To be completely serious and objective, we can never know for sure until all these secretive documents have been released to the public. The government claims they contain top secret information that could jeopardize our national security if they are leaked. Even though the Cold War is long over, apparently our new enemies in the Middle East can catch on and learn something valuable if they got their hands on them.

What we do know for sure is that all options should be put on the table. It’s not unpatriotic to believe that our own government would kill our own Commander in Chief. The 1960s were a rough time in U.S. history. The paranoia of the Cold War during the 1950s had us seeing Communism everywhere, even in our own backyard. We just came off an apocalyptic nuclear showdown with the Soviets that brought us to the brink of mutual assured destruction. And of course, there was the Domino Theory (which some scholars believe to be a fabrication), which believed that if South Vietnam fell to Communism, all of East Asia would soon follow.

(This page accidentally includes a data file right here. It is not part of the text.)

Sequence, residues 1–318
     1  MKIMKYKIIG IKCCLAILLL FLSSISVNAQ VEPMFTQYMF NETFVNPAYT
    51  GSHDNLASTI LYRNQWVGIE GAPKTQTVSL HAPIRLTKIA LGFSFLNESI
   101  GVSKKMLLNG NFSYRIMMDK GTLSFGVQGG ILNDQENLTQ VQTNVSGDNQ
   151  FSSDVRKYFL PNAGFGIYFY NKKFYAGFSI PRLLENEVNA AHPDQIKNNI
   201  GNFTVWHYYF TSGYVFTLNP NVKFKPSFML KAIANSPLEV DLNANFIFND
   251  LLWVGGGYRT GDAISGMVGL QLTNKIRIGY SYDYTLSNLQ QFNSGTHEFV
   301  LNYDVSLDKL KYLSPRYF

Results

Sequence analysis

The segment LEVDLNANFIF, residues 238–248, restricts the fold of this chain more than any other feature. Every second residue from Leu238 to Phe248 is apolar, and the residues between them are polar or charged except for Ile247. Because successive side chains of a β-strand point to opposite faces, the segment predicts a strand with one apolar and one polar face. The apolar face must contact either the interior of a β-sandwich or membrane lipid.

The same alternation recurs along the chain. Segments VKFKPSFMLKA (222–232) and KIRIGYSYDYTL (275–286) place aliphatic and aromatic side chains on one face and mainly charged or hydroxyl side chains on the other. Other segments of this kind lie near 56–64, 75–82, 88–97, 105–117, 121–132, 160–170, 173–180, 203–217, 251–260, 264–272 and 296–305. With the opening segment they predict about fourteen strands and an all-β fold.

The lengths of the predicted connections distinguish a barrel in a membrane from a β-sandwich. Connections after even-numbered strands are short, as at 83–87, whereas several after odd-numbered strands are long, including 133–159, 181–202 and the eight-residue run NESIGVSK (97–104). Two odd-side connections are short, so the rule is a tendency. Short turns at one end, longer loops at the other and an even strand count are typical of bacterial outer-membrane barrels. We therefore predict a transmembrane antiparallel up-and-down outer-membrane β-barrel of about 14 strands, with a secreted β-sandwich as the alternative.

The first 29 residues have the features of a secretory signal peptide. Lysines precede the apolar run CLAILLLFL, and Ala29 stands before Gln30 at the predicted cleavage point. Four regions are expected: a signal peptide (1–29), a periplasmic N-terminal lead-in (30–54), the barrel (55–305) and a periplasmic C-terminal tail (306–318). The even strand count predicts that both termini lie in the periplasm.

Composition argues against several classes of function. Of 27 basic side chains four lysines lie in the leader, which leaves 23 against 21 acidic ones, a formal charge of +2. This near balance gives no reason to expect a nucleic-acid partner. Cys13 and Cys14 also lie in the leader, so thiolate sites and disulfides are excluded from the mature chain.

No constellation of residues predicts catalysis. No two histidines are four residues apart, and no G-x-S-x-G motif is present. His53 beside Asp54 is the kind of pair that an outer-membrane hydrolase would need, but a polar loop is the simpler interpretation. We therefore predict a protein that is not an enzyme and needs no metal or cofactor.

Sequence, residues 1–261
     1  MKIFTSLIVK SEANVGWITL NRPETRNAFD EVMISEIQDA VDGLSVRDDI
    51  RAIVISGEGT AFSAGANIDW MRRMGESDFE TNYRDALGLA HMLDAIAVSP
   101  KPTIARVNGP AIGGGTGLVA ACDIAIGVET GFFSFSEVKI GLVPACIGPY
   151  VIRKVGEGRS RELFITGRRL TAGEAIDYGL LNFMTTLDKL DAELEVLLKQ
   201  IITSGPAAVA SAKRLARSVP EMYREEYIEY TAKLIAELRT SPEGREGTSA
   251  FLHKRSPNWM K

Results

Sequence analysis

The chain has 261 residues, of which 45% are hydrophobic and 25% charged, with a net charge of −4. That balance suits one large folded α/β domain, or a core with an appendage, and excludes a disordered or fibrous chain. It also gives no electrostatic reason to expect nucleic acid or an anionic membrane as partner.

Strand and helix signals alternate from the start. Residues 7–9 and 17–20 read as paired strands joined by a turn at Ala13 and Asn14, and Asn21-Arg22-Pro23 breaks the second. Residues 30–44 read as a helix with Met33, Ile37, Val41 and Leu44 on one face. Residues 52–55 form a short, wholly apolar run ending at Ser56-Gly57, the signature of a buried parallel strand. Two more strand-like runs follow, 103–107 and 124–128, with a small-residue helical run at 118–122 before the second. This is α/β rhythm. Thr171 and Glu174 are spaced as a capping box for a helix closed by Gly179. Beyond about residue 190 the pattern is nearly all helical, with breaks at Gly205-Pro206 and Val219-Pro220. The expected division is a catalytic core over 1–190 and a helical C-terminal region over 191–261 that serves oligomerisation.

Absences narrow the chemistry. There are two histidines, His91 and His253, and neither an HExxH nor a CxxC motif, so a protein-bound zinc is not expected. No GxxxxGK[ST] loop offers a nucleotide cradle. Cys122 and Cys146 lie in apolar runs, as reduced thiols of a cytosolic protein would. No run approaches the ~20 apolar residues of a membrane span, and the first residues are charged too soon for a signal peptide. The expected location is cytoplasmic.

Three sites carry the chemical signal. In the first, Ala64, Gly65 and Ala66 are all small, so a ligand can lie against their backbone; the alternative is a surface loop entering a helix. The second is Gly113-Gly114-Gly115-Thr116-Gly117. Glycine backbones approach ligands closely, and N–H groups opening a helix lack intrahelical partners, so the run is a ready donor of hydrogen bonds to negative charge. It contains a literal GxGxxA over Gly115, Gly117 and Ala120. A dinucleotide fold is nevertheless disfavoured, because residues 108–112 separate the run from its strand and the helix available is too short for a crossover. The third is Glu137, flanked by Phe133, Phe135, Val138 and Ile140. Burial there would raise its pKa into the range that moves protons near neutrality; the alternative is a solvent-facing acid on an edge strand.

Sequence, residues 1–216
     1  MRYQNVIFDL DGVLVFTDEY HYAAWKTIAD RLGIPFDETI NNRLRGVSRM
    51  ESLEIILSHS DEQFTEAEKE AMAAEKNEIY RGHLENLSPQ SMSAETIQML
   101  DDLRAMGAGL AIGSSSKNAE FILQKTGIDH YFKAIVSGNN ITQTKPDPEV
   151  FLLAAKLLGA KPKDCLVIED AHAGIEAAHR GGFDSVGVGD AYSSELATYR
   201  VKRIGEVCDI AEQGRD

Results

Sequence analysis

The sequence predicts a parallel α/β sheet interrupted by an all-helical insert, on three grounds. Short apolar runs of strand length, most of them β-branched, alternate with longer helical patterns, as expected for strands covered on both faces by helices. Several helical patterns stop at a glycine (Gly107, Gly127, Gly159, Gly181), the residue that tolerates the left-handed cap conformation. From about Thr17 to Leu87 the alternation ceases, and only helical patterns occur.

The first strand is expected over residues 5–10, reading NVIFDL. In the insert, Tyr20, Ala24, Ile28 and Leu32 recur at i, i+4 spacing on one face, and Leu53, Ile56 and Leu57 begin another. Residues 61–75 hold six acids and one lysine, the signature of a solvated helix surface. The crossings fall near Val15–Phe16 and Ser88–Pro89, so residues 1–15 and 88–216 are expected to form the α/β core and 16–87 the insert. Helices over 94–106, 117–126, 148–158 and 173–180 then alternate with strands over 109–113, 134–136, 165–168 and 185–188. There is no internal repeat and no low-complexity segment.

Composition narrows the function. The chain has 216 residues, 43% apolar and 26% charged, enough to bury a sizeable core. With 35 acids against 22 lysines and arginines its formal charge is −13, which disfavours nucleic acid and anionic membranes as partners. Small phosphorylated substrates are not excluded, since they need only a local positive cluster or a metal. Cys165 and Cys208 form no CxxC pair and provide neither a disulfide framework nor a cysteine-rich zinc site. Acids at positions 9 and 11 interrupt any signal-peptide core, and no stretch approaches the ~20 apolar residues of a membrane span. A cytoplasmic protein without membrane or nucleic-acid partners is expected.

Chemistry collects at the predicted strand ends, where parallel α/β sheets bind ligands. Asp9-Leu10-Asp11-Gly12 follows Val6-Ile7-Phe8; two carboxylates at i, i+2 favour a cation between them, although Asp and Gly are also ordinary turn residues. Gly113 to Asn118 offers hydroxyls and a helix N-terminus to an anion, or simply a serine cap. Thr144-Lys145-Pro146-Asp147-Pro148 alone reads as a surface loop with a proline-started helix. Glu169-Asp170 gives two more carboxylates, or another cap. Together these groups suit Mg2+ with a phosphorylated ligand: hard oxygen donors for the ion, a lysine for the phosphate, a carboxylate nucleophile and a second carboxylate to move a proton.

We lived in times that were unparalleled before in our nation’s history. The intelligence and military communities actually believed our way of life was being threatened by the Soviet Union and their umbrella states. Kennedy was accused within many circles (mostly unfairly) of being “soft on Communism” and letting the Soviets have their way. This “appeasement” argument believed that it was the lack of resolve against fascism in the 1930s that led to the rise of Adolf Hitler and Imperial Japan.

All of this can possibly lead to many people concluding that Kennedy was killed because either he was too soft on Nikita Khrushchev, or Fidel Castro, or Ho Chi Minh, or all three of them. Whether he was or not is beside the point. What does matter is that many people believed he was not doing enough, and some of those voices came from within the Pentagon, CIA, and the White House.